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Keywords:

  • osteoporosis;
  • aging;
  • bone structure;
  • pQCT

Abstract

In a population-based cross-sectional study, we examined effects of sex and age on bone microstructure at the wrist using high-resolution 3-D pQCT. Compared with women, men had thicker trabeculae in young adulthood and had less microstructural damage with aging. These findings may contribute to the virtual immunity of men to age-related increases in wrist fractures.

Introduction: Although changes in bone microstructure contribute to fracture risk independently of BMD, it has not heretofore been possible to assess this noninvasively in population-based studies.

Materials and Methods: We used high-resolution 3-D pQCT imaging (voxel size, 89 μm) to define, in a random sample of women (n = 324) and men (n = 278) 21–97 years of age, sex and age effects on bone microstructure at the wrist.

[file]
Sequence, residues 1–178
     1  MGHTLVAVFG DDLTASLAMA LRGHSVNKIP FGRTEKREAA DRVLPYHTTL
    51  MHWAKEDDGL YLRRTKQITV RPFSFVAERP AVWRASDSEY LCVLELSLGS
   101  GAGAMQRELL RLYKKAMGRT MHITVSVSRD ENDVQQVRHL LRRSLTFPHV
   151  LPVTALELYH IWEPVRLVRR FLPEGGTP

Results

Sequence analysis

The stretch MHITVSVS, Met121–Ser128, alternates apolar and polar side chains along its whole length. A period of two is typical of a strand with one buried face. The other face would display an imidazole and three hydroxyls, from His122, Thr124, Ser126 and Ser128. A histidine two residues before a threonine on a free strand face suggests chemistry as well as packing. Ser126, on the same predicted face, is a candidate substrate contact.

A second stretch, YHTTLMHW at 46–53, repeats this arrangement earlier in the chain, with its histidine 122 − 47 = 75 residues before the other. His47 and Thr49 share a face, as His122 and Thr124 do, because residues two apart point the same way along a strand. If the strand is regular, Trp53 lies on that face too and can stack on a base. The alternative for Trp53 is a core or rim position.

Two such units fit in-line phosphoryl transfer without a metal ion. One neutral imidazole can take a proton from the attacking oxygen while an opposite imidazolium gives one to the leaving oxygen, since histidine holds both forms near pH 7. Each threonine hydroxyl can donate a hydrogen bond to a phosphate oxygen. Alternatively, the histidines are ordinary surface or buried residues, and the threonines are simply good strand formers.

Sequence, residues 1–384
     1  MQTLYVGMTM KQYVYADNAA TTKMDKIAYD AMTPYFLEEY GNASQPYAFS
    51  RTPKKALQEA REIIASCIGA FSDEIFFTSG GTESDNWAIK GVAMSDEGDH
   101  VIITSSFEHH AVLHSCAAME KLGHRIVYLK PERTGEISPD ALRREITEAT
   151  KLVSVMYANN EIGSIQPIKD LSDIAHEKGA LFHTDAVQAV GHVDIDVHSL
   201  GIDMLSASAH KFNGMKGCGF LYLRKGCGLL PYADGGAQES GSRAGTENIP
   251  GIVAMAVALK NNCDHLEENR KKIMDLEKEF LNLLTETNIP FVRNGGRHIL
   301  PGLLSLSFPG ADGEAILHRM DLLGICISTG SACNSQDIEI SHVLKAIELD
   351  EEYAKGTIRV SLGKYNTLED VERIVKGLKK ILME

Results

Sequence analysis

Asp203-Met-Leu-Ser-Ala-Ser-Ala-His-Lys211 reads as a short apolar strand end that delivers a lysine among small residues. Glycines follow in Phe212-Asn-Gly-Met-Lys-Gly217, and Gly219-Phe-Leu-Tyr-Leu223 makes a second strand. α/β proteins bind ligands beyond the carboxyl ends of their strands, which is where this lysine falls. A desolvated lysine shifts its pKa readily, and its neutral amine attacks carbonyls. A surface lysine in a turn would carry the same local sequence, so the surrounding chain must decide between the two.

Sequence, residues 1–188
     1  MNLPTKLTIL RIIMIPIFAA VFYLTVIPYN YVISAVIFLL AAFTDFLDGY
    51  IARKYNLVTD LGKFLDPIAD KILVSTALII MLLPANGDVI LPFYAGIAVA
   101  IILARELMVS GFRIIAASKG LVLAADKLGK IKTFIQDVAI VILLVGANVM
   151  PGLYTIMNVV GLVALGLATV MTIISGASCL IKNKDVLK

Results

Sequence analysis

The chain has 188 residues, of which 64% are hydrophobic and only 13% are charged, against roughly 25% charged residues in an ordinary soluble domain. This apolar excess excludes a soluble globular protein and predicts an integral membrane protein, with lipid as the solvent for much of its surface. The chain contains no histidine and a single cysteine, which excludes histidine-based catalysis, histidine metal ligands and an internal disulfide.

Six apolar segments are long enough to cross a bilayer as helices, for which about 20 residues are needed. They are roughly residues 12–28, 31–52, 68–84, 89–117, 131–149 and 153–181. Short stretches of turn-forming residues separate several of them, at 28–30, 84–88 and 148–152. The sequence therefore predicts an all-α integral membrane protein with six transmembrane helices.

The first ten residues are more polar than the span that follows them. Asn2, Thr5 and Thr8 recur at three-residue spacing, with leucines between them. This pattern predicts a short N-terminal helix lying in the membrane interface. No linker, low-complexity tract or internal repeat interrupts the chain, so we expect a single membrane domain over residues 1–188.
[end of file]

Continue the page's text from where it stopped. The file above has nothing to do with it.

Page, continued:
Results: Relative to young women (age, 20–29 years), young men had greater trabecular bone volume/tissue volume (BV/TV; by 26%, p = 0.001) and trabecular thickness (TbTh; by 28%, p < 0.001) but similar values for trabecular number (TbN) and trabecular separation (TbSp). Between ages 20 and 90 years, cross-sectional decreases in BV/TV were similar in women (−27%) and in men (−26%), but whereas women had significant decreases in TbN (−13%) and increases in TbSp (+24%), these parameters had little net change over life in men (+7% and −2% for TbN and TbSp, respectively; p < 0.001 versus women). However, TbTh decreased to a greater extent in men (−24%) than in women (−18%; p = 0.010 versus men).

Conclusions: Whereas decreases with age in trabecular BV/TV are similar in men and women, the structural basis for the decrease in trabecular volume is quite different between the sexes. Thus, over life, women undergo loss of trabeculae with an increase in TbSp, whereas men begin young adult life with thicker trabeculae and primarily sustain trabecular thinning with no net change in TbN or TbSp. Because decreases in TbN have been shown to have a much greater impact on bone strength compared with decreases in TbTh, these findings may help explain the lower life-long risk of fractures in men, and specifically, their virtual immunity to age-related increases in distal forearm fractures.